Depot contraceptives can achieve a high level of efficacy independent of the problems associated with patient compliance. They are particularly suitable for patients requiring long term contraception, and for short-term contraception in women immunised against rubella or whose partners have recently had a vasectomy. They are designed to release a progestogen over a prolonged period ranging from eight weeks to five years depending on the device and formulation. Contraceptive efficacy is dependent on the progestogen.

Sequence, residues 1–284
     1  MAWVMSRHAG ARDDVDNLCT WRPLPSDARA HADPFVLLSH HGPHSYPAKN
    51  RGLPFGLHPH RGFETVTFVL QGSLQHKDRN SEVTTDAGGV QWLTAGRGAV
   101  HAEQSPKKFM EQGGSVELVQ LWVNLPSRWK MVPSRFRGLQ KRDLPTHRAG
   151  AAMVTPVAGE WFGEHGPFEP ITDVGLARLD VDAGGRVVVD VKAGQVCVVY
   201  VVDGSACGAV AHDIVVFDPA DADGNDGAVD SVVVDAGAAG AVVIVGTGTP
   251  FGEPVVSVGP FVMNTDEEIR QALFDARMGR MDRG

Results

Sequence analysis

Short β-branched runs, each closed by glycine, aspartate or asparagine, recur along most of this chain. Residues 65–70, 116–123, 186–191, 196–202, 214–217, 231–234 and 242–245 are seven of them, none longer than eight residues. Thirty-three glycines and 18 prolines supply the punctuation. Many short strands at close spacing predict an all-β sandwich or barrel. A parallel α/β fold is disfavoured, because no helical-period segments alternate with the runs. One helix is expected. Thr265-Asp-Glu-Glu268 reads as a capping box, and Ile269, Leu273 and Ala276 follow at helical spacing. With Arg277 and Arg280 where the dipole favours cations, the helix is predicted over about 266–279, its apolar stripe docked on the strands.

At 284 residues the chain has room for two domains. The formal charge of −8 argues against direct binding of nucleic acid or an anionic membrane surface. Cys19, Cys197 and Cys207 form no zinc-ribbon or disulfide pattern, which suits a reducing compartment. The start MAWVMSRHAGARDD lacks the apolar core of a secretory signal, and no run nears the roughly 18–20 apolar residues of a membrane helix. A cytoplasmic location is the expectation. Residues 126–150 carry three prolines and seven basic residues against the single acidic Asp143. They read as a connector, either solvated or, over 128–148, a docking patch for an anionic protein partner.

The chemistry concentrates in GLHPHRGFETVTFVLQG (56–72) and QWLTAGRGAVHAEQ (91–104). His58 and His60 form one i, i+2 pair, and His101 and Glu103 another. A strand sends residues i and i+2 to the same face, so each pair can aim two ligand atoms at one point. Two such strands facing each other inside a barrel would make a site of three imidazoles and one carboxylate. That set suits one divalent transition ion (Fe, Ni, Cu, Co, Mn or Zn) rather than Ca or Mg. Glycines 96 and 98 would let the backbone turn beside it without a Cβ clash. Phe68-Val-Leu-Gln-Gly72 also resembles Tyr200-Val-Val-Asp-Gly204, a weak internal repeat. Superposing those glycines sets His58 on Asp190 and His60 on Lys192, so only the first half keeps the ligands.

There are two main types of depot contraceptive:
Intramuscular/subcutaneous Depo-Provera (medroxyprogesterone) and Noristerat (norethisterone) are administered by deep im injection and provide contraceptive cover for three months and eight weeks, respectively. Sayana Press is a subcutaneously injected formulation of medroxyprogesterone that provides 13 weeks' cover. Patients should be counselled as to the long-term action and potential side effects of these contraceptives and warned that it is not possible to reverse their effects immediately.
Subdermal Nexplanon consists of a single etonogestrel-releasing rod that is implanted subdermally. The rod should be withdrawn or replaced every three years.